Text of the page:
Philly Daily News- Addiction impacts not only the drug addict but their children as well. 15% of all children live in a household with an alcoholic and one in four children is exposed to a family member’s alcohol abuse or dependence. These children are often neglected when their parents are under the influence and that neglect can lead to some pretty terrible outcomes for the children themselves down the line.
Addiction Recovery– This is an excellent read on the importance of patience when it comes to addiction recovery. Rome wasn’t built in a day and neither will a drug addict’s wonderful new life. Recovery takes time so take a deep breath and enjoy!
|Posted in: Education, Links
Tags: about addiction, addiction, addiction recovery, alcoholism, children, combating drug addiction, drug, Drug addiction, drug users, Drugs, exercise, heroin, HIV, individuals using drugs, marijuana, medtation, neglect, overdose, pregnancy, smoking, using drugs
September 20th, 2010
What did you already learn about addiction today? I bet we can double, no wait, triple that in this post alone!!! Check out this week’s coverage of the most interesting, and informative online content about addiction.
Drinking Limits and the (really) young
Telegraph– Sir Terry Leahy, an owner of Britain’s largest super market chain, wants to change the drinking laws in order to prevent teens from becoming binge drinkers. Leahy points out that a lot of alcohol is consumed in homes, so he wants to create a law which will raise the age in which children can drink in the home. Currently, children can legally drink at home as early as 5 years of age. I hope they’re not throwing keg-parties that early!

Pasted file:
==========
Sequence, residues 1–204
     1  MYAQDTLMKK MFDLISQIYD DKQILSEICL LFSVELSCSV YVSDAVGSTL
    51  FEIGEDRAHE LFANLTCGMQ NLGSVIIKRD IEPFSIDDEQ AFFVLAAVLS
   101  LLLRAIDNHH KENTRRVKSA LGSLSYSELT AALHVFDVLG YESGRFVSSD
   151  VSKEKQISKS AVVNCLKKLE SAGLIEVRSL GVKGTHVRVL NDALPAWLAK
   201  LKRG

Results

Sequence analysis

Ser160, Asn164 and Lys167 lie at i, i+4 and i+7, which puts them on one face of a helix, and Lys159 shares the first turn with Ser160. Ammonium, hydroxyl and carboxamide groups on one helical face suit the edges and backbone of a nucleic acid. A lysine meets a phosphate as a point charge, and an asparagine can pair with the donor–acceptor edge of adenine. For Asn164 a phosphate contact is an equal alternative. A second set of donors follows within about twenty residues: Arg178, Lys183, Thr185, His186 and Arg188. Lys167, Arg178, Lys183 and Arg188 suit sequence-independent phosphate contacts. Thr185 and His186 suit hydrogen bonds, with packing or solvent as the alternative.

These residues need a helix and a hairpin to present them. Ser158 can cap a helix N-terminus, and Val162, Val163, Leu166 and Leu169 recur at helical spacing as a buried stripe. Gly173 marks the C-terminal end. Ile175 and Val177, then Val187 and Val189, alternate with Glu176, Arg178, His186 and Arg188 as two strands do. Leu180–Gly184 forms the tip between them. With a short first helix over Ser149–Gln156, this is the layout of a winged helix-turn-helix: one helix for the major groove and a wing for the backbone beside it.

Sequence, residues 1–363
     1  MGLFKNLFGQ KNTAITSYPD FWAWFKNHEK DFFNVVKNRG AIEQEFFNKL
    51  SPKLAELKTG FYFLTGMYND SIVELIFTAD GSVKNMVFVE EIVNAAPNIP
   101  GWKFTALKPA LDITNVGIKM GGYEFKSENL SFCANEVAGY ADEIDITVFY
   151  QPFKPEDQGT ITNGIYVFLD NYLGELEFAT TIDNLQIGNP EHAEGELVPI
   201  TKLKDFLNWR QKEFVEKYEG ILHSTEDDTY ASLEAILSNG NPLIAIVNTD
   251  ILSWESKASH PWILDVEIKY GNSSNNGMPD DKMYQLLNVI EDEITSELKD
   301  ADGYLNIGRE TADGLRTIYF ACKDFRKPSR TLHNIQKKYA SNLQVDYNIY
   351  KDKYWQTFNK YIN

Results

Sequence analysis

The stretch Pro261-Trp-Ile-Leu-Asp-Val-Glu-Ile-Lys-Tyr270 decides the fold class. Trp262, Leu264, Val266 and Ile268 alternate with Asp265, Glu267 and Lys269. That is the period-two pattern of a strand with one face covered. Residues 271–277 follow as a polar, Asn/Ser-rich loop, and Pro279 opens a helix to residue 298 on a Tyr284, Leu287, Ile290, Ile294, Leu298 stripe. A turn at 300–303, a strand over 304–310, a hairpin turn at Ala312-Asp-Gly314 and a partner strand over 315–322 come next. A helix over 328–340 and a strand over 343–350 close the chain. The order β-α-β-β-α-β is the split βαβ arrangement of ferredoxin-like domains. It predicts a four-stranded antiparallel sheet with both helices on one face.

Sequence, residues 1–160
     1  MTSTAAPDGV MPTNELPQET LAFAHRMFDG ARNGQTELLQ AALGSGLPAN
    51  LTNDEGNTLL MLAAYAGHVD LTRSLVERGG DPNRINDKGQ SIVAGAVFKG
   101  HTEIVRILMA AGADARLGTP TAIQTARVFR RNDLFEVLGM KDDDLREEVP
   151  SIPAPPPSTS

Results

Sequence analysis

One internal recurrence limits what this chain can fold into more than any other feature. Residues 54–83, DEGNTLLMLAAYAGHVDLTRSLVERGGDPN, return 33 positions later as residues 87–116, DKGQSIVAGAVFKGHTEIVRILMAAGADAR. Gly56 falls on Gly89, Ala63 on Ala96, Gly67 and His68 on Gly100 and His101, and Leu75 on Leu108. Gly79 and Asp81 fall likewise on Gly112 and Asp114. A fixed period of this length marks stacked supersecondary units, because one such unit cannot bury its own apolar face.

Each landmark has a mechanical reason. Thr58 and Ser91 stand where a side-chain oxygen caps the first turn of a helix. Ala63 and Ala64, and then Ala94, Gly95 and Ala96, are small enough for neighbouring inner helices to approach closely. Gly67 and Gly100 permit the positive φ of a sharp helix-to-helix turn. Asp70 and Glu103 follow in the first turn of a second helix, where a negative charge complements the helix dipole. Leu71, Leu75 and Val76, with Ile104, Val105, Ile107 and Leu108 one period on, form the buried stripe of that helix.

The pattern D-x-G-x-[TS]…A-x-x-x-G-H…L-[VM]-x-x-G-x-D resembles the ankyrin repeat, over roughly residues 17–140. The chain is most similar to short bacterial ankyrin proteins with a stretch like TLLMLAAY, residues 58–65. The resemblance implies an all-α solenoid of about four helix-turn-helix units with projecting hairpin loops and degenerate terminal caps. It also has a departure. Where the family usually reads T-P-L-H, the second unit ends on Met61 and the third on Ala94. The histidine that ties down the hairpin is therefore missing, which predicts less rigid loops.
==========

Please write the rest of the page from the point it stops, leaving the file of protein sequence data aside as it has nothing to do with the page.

Drugs, sex, violence, and more young
USA Today- Researchers in Scotland found that when an anti-smoking bans was in place the number of children hospitalized for asthma dropped 18% in the first year and they saw a decline in heart attacks. I guess their anti-smoking campaigns work better than U.S. ones.
Addiction Inbox-Check out this article on the effects of different drugs on sexual performance.
Decoder– This site give tips and tricks for raising drug free teens, it is a good read that includes tips on teachable moments, showing how you care, tips for talking about potential alcohol and drug use, and knowing what kids are facing today. Do keep in mind that about 80% of children engage in some kind of deviant behavior during their teens.